Participants are given a pre-experiment questionnaire to measure their trait aggression, state aggression, state hostility and physiological arousal. That will be used as the control baseline. They are given a 3 minutes training session. Then they are randomly assigned to the four blood condition (maximum, medium, low and none) where they will be tested for 15 minutes. (What was the average play time for a fighting game in a natural setting?)


Trait aggression was not affected by the blood conditions. So that means that bloody video games don’t change our stable traits for 15 minutes at least.

There were significant effects in state hostility, starting at the medium setting, the bloodier the game the higher the state hostility score. The effect size are large and medium, respectively for the maximum (M = 76.21) and medium blood ( M = 73.88 ) condition. I am surprised that low or no blood condition did not differ significantly from baseline. Theoretically, it should have an effect since the violent act is there, perhaps not all seemingly violent act is perceived as violent. Another thing is while the effect size seemed large, it is not an extreme increase. It is subject to interpretation on what the scores of the state hostility scale means and whether a 10 point increase (in the maximum and medium blood condition) may actually mean something. Update (23/10/08): in retrospect, I can’t say that the no- or low- blood condition mean there’s no effect, since there’s no non-violent game condition to compare to.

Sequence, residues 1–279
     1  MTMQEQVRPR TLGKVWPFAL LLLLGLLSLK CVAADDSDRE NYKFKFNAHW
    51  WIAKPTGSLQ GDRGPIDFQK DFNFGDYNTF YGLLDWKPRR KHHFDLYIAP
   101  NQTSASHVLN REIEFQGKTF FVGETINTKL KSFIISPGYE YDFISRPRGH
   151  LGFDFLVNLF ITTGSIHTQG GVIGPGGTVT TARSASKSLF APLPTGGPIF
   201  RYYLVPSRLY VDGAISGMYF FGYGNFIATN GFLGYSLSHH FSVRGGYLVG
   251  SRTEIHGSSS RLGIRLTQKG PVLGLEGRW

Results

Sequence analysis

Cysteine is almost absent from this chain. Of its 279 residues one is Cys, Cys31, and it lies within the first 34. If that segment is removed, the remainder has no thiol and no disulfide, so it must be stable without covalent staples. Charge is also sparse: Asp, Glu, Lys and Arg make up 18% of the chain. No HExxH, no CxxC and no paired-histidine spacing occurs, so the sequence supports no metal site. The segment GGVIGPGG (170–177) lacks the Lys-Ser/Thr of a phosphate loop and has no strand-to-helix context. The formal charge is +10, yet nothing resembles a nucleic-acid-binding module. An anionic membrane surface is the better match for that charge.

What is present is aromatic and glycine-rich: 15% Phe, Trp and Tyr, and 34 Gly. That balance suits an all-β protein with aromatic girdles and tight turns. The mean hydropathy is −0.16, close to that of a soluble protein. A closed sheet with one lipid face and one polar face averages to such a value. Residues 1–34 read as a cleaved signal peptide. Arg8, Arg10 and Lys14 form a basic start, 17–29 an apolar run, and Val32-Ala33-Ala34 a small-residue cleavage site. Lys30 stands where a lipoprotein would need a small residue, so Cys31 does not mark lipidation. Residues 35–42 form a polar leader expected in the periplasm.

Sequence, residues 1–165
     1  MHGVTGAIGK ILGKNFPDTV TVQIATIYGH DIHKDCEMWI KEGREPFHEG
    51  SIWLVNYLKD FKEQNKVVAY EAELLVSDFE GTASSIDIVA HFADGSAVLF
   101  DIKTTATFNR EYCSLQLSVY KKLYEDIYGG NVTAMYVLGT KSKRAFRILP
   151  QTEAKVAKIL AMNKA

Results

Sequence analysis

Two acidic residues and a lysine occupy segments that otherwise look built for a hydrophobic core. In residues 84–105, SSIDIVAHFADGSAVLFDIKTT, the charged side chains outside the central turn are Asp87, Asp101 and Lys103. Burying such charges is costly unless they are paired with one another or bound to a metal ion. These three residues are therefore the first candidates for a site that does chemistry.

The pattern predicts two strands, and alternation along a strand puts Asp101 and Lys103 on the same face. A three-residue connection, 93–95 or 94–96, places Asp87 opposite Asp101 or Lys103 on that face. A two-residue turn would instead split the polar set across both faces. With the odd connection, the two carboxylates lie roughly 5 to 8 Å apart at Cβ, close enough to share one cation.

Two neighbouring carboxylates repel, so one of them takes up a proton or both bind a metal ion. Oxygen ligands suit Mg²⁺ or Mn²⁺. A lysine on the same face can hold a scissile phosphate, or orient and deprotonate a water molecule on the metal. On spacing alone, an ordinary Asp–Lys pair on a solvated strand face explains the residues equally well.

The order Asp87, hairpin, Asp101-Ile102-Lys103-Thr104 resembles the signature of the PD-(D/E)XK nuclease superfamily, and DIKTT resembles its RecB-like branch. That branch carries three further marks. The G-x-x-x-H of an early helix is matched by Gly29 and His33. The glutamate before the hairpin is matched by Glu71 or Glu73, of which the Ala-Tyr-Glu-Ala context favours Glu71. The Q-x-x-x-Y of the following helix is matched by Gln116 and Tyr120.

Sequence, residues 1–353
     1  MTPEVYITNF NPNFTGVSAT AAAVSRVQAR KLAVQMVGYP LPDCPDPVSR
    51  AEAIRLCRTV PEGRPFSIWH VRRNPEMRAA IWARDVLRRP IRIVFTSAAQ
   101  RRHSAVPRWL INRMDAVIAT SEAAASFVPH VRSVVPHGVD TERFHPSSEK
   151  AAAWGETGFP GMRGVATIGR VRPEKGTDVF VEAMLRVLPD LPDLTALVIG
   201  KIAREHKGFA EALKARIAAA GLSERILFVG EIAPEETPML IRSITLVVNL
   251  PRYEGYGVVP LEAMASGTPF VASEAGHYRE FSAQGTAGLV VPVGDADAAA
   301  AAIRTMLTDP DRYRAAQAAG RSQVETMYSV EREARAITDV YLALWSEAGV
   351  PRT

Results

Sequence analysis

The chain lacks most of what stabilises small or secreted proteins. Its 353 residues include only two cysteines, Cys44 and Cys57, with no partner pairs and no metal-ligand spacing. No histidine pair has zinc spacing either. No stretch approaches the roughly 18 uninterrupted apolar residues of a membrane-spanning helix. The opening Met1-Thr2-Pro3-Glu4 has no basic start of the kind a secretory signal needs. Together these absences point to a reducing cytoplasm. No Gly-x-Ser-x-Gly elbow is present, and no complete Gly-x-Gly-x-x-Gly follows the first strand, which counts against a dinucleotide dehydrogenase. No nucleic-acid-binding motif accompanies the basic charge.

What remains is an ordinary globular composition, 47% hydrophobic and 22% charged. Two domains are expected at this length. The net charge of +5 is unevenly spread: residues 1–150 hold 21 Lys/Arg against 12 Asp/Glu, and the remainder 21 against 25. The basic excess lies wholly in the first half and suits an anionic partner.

There were significant effects on physiological arousal, but only those at the maximum blood with a medium effect size. Although, I wouldn’t take it with full confidence and won’t talk about it.

There were significant effects for state aggression, but the analyses were different from the previous ones. So those in the maximum/medium blood condition used weapon-based fighting style more often than the low/none blood condition. Effect size is small. I thought of an alternative explanation to this difference, spilt blood, as special effects, were rewarding visual stimuli and perhaps other effects might produce the same effect, say explosions. However, the authors argued the weapons effect that lead to an increase in state aggression. In combination with the violent content and the gore, it leads a higher increase. But they have not controlled for the weapons effect in the other factors, unless they did look at it and found that it has no effect. (or I’m not making any sense at all)

The results I mentioned were tested for the first hypothesis. The second hypothesis just combined all blood conditions in comparison to the no blood condition. I find it misleading because it simply state that the mere presence of blood is justifiable to say that there’s an effect, while further reading say that the low blood condition did not differ from the baseline measures. So why not a comparative analysis between high blood vs. low blood condition?